Be still, my soul: the Sun of life divine
Through passing clouds shall but more brightly shine.

14 comments for “Sitting in the Temple with Dad

  1. Thank you for such a beautifully expressed thoughts regarding your Dad. I’ve often wondered if our relatives
    who have passed watch us as we age. I like to think they mark our progress through life and toward joining
    them again.

  2. Margaret – thanks for your beautiful thoughts. It appears you and I are about the same age and, I assume our fathers are the same age as well. My father is 87. I have similar fond memories of the times with my own father but for different reasons than yours. My father is a simple man who pays his bills on time and gives feely of his time and wisdom to all who seek it. Thank heaven for good fathers.

  3. Lamonte–we are likely the same age, but I am the oldest child in my family, so my father is a decade younger than yours. His father died at age 51. His sister died at age 41. His mother died in her mid-seventies. So he has lived longer than any other member of his family. Amen to your words about fathers.

  4. “…here in the temple, you stand less steadily than you once did (yet far steadier in other ways)…”

    What a profound line. Thank you for writing it, Margaret–and thanks also for this tribute to a loving, good, and great man.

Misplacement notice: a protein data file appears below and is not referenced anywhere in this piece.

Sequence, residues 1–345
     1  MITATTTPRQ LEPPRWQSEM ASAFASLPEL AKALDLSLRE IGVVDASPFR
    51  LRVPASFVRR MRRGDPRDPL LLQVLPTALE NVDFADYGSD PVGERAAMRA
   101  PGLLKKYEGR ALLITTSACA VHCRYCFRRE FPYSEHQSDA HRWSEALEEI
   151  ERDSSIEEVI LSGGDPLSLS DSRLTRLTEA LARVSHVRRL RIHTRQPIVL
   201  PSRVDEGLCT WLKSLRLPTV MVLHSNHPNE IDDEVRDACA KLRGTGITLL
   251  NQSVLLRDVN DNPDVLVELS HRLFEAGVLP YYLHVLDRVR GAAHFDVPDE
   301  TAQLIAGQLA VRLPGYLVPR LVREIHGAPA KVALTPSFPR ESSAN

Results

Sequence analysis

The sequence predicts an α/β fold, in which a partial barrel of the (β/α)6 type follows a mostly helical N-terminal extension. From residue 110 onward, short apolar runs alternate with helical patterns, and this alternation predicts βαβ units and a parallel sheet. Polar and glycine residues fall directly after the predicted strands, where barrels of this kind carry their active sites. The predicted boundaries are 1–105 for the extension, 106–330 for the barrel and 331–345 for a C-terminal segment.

5. Margaret – I am the youngest in my family. My father was 34 when I was born – which seemed ancient back then. My father father and all his father’s siblings lived into their 90’s so he has a few years left.

  6. I seldom write, but look forward to your wonderful posts. Anyone who has had even close to what you have experienced with your father is indeed fortunate and blessed. My father, a wonderful dad in so many ways. has been gone for 20 years. He was 85 and his examples are still as vivid to me as when we were together. In so many ways, I can’t wait until our reunion.

  7. Margaret this post is beautiful. It brought tears to my eyes and makes me look forward to the eternities to se my Dad again. Thank you.

  8. Thank you so much for this moving and heartfelt tribute; and for reminding me of the beautiful words of this hymn.

  9. Thanks, Margaret. This is especially dear to me because my mother passed last summer. She also used her abilities to serve others rather than to seek her own.

  10. Your father is one of the greatest men I have known. I took his language pedagogy course back in the 70\’s, and have had contact with him on and off over the years. It is rare to find such a combination of brilliance and humility. Thank you for reminding me of one who exemplifies what human beings are capable of when led by the spirit of God.

  11. Thank you, Alan L. I have heard similar sentiments from many, many people. Dad changed lives quietly.